Movie Review: Despicable Me 3
The latest episode in the animated family films adds a former child star, a twin brother, and a trip to Fredonia. Thank heavens the Minions are still around to create chaos
Despicable Me 3
Starring: Steve Carell, Kristen Wiig, Trey Parker
Directed by: Eric Guillon, Kyle Balda, Pierre Coffin
Running time: 90 minutes
By Jay Stone
The twist in the first Despicable Me movie, which came out in 2010, was that the hero was a bad guy — a bald, beefy, needle-nosed criminal named Gru with a vaguely Russian accent — who redeemed by three little girls who were so relentlessly adorable that he was eventually ground down to virtue.
It was pretty funny, especially its cast of supporting characters: the Minions, a bunch of quacking yellow medicine capsules who eventually got their own movie that was essentially an hour an a half of mayhem. It was like paying $10.50 to see a four-year-old’s birthday party.
The second Despicable Me movie was less interesting because Gru, having turned into a good guy, had developed a personality that had become distinctly wooly. He was no longer evil; he was more rueful at having lost his evil. D2 would have been a brooding existential classic if the Minions had shut up for five minutes.
Now, in Despicable Me 3, Gru has lost just about all his edge and the series is getting by on pure insanity. It’s not as if the Despicable franchise has run out of steam; indeed, steam is all it has. With a vast (and entertaining) cast of supporting players, D3 is an ode to mayhem: crazy Minions, a new villain who’s a former 1980s child still wearing shoulder pads and a porn film moustache, a trip to the land of Fredonia — just like in the Marx Brothers film Duck Soup — where everyone is a pig farmer, and much more. There’s even a second hero, Gru’s twin brother Dru (both characters voiced by Steve Carell), who is likewise absent a discernable personality except that instead of being bald he has long blond hair.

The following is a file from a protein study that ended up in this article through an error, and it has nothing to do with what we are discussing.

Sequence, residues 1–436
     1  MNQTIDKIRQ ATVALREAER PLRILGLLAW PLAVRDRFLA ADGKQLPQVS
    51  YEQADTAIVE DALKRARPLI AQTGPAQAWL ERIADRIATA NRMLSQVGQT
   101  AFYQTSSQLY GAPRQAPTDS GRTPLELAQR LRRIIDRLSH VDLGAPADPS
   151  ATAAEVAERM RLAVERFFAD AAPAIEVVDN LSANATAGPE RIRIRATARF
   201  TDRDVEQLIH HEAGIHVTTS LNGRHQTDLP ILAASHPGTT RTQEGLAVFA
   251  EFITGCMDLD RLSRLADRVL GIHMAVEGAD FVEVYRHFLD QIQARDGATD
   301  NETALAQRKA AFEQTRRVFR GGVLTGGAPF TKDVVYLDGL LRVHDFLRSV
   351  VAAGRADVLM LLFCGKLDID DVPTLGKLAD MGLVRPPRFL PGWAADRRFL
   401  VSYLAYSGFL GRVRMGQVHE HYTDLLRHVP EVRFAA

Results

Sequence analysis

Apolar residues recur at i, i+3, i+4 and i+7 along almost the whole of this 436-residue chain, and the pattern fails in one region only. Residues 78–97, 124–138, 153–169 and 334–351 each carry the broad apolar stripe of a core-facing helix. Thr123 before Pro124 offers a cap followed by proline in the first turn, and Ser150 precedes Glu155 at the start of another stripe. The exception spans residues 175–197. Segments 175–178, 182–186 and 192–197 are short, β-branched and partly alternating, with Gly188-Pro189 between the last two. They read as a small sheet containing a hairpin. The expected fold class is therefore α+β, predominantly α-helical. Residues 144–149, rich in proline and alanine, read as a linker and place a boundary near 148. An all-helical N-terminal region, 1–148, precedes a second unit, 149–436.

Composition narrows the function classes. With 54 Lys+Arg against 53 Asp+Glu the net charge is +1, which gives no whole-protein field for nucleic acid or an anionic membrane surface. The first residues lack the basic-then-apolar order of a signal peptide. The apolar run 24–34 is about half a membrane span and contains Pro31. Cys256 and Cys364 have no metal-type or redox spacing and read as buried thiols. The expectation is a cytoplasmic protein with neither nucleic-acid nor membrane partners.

The result is a collection of the familiar that will probably appeal to younger audiences who have fallen in love with the Minions — and they are pretty lovable, withal — but will disappoint those of us who relished an animated children’s film with the courage to celebrate villainy. Like many franchises entering their third iteration, D3 instead celebrates itself. Love us because we’re back.
The result is a collection of the familiar that will probably appeal to younger audiences who have fallen in love with the Minions — and they are pretty lovable, withal — but will disappoint those of us who relished an animated children’s film with the courage to celebrate villainy.
As we join Gru, he’s still married to Lucy (Kristen Wiig), his co-worker at the Anti-Villain League, and raising his little girls. But he runs into a new nemesis, Balthazar Bratt (Trey Parker), a former TV star who came to fame in the 1980s with his catchphrase “I’ve been a bad boy,” and hasn’t quite gotten over it. Bratt’s main weapons are a Yo-Yo and exploding chewing gum that flies from his oversized shoulder pads, at least until he builds a giant robot of himself — sort of like the marshmallow man in Ghostbusters — to take revenge on Hollywood. It’s a post-modern notion, but it has nothing to be post-modern about so it just floats around, occasionally doing the moonwalk.
Gru and Lucy set out to capture him with the help of Dru, who, despite his financial success, secretly envies Gru’s previous career in crime and thinks they’re all taking part in a heist. Dru and Gru aren’t much of a brother act, but the comic gaps are again filled by the goggle-eyed Minions, who manage to get themselves imprisoned — they take over the jail and intimidate their hulking fellow convicts — and appear on a TV talent show before they rally at the end to help save the day. The Minions (voiced by co-director Pierre Coffin) speak in a speeded-up pidgin that combines elements of Latin (“cum” means “with,” I believe) with some suitably silly English words (“papaya” and “Dakota,” for instance) and the odd foreign locution (“ooh-la-la.”)
The animation itself is terrific, but you come out thinking the Despicable Me idea has run its course. If you can’t even be despicable any more, what’s the point?
THE EX-PRESS, July 1, 2017